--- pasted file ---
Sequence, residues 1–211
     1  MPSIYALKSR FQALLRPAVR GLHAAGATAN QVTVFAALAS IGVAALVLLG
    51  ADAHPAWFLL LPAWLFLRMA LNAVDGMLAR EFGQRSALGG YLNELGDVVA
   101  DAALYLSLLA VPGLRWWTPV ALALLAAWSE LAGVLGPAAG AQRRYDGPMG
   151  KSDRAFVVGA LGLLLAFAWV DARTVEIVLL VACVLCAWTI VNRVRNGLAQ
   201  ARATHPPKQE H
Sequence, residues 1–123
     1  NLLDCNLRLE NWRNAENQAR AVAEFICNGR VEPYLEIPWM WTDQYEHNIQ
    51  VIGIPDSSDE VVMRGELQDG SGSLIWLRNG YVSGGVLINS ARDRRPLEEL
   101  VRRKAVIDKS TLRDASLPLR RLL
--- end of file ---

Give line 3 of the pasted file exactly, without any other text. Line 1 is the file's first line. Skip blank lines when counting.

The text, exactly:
    51  ADAHPAWFLL LPAWLFLRMA LNAVDGMLAR EFGQRSALGG YLNELGDVVA